BERKELEY (CBS SF) – The practice of putting mesh-like coverings, or spit hoods over detainees heads during police arrests is under review in Berkeley.

The sack-like hoods were meant to stop the spread of communicable diseases in the event an officer is spat on.

Law enforcement defends the restraints, especially in cases involving 5150 mental health patients, but a local police reform organization wants to ban them.

Berkeley Cop Watch, a volunteer group, has published a list of reasons for a ban on their Facebook page. They say the hoods are dehumanizing and degrading, and can cause detainees to panic, which can escalate the situation. They recommend officers be provided with surgical masks, instead.

Spit hoods are used by police departments and emergency response providers in cities across the country.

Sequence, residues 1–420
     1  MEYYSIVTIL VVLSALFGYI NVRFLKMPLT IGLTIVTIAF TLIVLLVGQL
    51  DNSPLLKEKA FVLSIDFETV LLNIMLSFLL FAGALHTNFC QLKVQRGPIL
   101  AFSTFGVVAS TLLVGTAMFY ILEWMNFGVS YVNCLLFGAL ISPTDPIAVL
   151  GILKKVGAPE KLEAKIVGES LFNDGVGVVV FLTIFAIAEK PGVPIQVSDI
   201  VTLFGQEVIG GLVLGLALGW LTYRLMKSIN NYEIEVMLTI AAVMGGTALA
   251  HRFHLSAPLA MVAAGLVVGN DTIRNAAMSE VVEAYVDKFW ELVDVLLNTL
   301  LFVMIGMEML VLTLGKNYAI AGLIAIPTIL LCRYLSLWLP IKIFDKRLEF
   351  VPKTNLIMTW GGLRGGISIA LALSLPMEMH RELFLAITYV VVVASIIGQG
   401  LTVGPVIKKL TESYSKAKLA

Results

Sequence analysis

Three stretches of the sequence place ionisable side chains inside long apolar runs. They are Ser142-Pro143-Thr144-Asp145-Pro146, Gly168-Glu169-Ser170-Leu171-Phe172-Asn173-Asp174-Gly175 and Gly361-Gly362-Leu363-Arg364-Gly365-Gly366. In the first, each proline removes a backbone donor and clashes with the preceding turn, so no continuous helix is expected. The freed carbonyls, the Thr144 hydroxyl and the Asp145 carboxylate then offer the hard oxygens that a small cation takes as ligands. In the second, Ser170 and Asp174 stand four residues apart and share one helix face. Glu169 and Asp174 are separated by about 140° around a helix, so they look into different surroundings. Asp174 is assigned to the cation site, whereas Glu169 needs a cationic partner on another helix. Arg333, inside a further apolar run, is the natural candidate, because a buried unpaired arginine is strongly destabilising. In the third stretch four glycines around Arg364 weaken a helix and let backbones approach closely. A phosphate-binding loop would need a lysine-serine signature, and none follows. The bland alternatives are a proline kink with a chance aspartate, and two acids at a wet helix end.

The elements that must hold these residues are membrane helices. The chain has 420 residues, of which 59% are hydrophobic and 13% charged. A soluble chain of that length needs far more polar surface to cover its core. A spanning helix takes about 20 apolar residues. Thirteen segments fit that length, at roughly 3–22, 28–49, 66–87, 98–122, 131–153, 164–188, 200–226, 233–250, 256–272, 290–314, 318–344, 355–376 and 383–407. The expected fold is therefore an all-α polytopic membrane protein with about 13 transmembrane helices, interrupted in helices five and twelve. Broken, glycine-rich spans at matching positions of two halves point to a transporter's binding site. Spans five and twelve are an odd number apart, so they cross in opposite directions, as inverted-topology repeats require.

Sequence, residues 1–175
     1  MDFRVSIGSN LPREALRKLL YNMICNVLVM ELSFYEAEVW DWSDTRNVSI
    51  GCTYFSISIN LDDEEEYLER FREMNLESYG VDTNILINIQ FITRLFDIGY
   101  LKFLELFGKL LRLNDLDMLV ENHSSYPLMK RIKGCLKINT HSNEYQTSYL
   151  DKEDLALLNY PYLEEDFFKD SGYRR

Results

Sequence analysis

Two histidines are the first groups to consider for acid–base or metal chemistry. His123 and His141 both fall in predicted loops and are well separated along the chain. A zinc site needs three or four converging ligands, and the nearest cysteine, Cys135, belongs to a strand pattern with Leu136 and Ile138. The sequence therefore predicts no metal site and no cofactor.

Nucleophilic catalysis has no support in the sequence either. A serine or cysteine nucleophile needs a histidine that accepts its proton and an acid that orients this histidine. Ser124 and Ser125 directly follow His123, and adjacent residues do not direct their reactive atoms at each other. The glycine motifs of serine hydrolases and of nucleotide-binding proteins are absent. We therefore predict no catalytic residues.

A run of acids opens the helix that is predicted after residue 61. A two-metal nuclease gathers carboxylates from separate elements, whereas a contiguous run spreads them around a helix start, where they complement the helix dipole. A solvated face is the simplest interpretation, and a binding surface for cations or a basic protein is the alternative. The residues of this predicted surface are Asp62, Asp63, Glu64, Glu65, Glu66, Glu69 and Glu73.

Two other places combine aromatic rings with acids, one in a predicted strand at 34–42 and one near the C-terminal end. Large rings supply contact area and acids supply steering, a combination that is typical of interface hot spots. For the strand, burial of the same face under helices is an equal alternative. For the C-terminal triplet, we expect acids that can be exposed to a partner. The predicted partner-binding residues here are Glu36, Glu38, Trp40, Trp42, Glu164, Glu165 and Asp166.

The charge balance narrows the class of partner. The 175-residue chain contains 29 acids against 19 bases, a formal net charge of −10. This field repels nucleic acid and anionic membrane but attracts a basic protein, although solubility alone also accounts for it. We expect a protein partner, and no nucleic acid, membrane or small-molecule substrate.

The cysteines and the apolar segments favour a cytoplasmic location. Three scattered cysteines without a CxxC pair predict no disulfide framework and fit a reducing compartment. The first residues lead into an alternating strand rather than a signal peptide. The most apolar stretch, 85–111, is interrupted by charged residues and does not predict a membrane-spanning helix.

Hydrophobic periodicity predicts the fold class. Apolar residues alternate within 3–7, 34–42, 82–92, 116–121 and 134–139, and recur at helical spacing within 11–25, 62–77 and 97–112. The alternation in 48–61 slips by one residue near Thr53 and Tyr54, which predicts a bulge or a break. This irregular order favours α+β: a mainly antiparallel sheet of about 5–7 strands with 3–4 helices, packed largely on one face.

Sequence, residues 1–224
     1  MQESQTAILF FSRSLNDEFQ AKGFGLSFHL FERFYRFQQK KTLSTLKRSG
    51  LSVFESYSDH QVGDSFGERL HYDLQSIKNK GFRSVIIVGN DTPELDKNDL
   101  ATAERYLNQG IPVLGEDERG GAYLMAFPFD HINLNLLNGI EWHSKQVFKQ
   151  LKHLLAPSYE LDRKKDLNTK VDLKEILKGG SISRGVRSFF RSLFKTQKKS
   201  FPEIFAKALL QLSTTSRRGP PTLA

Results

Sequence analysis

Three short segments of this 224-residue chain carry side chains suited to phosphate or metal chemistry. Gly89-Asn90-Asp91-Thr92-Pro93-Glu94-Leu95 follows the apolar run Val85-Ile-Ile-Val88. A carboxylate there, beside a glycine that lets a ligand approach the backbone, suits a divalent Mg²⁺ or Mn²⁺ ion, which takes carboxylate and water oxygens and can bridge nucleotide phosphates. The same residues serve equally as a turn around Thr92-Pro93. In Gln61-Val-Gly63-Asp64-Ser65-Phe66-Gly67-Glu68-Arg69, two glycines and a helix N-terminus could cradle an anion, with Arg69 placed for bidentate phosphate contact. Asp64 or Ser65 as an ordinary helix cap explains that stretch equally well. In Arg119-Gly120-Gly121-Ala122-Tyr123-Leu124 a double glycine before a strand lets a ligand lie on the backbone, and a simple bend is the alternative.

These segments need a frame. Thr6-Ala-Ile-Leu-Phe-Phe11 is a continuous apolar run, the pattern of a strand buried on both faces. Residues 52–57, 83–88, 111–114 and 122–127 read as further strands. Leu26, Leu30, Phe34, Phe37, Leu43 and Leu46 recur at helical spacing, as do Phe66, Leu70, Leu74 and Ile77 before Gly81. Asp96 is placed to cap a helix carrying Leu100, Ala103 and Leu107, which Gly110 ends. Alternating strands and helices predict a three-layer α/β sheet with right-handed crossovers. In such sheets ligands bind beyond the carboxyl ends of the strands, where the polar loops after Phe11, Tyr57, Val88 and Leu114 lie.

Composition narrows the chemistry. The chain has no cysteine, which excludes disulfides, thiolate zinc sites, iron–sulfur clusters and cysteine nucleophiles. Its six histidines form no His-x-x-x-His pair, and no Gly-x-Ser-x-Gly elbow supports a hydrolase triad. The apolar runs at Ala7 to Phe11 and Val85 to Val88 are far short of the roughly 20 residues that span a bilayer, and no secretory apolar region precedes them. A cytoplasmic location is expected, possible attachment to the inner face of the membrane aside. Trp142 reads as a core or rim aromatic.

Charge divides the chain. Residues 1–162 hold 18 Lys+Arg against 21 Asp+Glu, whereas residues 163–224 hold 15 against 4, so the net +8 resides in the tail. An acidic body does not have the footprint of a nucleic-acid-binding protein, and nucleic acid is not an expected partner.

“It’s a real threat … the reaction of any person who has someone spit in their face is to retaliate or react in some way,” Sgt. Spencer Fomby told the East Bay Express. “Officers clearly cannot use force, so to manage that we use the hood.” He said the use of spit hoods is rare, though.

“The main argument is about optics — the way it looks,” said Fomby. “But the balance of public safety outweighs the optics in this situation.”

The use of spit hoods is coming up for review by city’s Police Review Commission. The 9-member panel will consider presentations from the police department, as will as a medical care provider before making a final recommendation.

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